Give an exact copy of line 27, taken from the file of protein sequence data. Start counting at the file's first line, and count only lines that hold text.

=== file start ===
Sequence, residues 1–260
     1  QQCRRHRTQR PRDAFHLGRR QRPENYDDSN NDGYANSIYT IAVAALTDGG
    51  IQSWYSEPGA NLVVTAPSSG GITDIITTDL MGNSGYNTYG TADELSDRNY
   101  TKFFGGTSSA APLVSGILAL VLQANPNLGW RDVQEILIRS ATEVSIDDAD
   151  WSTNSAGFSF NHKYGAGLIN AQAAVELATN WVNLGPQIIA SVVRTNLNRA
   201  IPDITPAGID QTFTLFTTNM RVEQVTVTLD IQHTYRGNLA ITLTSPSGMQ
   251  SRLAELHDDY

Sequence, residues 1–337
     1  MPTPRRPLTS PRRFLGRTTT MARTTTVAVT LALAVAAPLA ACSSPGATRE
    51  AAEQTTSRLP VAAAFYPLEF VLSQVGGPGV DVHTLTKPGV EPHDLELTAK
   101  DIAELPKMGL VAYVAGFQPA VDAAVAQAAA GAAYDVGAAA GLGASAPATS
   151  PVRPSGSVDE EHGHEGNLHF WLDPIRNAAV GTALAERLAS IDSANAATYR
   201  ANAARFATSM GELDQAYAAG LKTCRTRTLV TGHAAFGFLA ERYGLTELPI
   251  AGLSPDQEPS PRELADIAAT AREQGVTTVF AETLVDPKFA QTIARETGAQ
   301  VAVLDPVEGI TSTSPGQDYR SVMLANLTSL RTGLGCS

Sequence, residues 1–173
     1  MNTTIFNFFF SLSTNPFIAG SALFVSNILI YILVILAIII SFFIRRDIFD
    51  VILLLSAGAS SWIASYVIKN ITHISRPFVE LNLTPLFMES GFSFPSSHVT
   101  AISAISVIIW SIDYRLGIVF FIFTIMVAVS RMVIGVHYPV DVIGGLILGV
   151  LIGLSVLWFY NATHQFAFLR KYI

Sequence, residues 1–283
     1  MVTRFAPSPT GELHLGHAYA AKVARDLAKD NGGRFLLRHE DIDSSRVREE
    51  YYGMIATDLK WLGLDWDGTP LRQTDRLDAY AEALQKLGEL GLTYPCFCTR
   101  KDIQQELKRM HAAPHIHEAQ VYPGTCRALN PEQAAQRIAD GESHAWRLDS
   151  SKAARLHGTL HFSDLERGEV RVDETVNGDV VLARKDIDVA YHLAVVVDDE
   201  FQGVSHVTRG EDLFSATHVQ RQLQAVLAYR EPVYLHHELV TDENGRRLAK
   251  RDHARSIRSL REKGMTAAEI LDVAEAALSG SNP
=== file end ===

   251  RDHARSIRSL REKGMTAAEI LDVAEAALSG SNP